Fatwood is the wood that is soaked with resin that gets left behind at the core of the stump as the other wood rots away. Depending on the size of the fatwood, it would make good tinder or good kindling. What makes this so great? It’s due to the terpene in the resin, which is the primary ingredient in turpentine. Terpene is extremely flammable, which makes fatwood such a great fire starter. Even when fatwood is wet, it only takes a spark to light it, and if you can make fatwood shavings, you will have some of the best tinder available. Now you just have to get out there and find those pine stumps!
Kindling is larger than tinder, made to get a fire going for the short-term by being placed on top of the tinder. The idea behind the use of kindling is that it is small enough to catch fire from the burning tinder and large enough to burn for a long enough time to allow the larger wood (fuel wood) to catch. It is also less likely than larger fuel wood to smother the small flames of the tinder.
When it comes to choosing the wood for your kindling, softwood, such as pine, is better than hardwood. Softwood will be easier to split and will burn more easily. In a pinch you can use cardboard if it’s available or you can roll up newspaper really tight and tie it in a knot. Put the knot near the flames of the tinder and allow it to catch on fire and it will burn for a while. Large pine cones can also be used.
Again, it is critical that your kindling is dry. Nothing defeats the creation of a fire like moisture. If you have wood that is wet, then you can split it and use the dry wood from the interior as kindling. Kindling is not very big in terms of size. It is generally fairly small, thin twigs or sticks or larger wood splinters. You want your kindling to range in diameter from the size of a match to the size of a pencil. If you can’t snap it with your bare hands, then it’s too thick to effectively get your fire going.
Finding the right tinder and kindling will mean the difference between having a fire and not having a fire. Simply put, if you don’t have either of these, you can have all the fuel wood you want and you won’t get a fire going. Here are some final tips to help ensure you have good functional tinder and kindling:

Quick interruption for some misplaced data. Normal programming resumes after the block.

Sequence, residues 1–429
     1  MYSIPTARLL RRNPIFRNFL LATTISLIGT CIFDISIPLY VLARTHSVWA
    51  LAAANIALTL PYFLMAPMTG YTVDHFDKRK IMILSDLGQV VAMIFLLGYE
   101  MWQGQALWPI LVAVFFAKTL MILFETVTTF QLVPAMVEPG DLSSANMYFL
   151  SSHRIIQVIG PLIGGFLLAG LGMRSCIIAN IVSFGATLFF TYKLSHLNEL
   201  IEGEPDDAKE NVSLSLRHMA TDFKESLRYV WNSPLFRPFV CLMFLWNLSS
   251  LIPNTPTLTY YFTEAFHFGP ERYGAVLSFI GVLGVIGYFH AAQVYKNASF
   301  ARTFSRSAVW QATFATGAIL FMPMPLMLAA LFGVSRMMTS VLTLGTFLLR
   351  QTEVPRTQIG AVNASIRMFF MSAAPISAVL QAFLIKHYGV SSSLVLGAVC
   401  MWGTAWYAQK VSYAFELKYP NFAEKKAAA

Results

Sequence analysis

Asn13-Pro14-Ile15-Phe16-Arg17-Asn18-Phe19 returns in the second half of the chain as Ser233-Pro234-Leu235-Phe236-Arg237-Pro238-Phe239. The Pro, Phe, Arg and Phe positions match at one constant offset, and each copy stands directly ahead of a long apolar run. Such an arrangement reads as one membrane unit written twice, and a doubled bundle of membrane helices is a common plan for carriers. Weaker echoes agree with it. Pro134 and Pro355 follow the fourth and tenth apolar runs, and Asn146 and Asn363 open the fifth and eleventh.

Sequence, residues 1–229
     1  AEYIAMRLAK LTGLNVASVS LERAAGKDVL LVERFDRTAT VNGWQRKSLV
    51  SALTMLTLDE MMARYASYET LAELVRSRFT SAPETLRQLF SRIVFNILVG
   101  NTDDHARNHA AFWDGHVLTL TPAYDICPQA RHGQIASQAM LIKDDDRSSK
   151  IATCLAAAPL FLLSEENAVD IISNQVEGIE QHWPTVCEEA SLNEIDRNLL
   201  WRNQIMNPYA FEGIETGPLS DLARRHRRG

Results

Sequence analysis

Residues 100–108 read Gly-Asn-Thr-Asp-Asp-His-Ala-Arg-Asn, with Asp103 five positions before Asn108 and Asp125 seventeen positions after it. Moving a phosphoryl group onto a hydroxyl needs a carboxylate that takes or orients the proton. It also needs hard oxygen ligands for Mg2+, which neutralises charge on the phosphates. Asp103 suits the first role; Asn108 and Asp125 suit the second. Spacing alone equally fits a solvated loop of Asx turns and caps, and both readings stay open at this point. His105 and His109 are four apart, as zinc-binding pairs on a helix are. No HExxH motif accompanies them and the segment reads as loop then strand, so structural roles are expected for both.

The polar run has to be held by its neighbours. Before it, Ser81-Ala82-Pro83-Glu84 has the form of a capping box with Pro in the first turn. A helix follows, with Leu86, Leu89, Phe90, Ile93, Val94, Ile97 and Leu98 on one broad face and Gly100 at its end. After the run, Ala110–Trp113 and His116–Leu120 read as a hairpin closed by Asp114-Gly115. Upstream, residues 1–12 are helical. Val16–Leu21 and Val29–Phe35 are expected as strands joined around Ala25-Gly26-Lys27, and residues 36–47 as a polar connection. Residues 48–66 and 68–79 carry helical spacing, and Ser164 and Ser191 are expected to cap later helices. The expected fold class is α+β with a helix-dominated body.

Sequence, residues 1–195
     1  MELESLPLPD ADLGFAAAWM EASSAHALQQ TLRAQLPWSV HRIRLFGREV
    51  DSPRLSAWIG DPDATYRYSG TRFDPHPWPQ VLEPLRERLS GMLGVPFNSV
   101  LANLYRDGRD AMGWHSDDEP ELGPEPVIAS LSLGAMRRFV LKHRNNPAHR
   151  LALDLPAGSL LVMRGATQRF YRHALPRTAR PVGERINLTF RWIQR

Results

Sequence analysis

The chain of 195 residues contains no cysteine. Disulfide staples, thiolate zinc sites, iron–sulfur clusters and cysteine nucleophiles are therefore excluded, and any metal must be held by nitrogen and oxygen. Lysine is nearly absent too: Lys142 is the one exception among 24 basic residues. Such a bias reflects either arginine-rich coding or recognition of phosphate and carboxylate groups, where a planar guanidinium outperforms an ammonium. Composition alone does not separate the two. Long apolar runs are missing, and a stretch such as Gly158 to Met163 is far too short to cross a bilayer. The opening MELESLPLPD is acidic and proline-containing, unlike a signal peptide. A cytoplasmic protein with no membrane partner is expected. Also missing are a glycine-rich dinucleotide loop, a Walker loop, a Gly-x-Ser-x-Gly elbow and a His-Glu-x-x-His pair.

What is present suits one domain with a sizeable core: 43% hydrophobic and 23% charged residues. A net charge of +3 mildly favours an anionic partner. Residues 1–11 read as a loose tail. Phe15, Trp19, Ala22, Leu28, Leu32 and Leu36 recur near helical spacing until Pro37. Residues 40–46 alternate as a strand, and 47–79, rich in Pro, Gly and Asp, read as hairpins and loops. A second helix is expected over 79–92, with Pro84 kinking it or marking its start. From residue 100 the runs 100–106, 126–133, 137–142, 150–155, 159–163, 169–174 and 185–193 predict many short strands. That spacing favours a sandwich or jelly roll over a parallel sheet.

- Carry some tinder on you (natural or manmade) in a sealed, waterproof container, such as a 35 mm film container or a Ziploc bag
- Make use of your knife to turn dry sticks and bark into a powder or to shred paper
- Whatever you think you need for tinder and kindling, collect twice that amount because you’ll most likely go through it faster than you anticipate; if you run out too soon, then you won’t have a fire
It is very important that you practice your skills at building a fire and these skills include the selection and gathering of tinder and kindling. Like all aspects of prepping, this should be practiced ahead of time. Try out different types of tinder with your various fire starting methods to determine which works best and is the most practical based on the most likely survival scenario you’ll be in.
The same goes for kindling. Practice gathering different types of wood, different sizes, and varying levels of moisture. Test them out to determine what types of wood in your area make the best kindling and learn how to gauge the moisture level of wood and split wood to make kindling. Try making a fire with wet kindling (and wet tinder, too) and see how adept you can get at getting a fire started in the toughest of conditions. The more familiar you become with the different types of tinder and the different types of wood the better off you and your loved ones will be when the time comes that you need these skills to survive.
Good luck lighting those fires!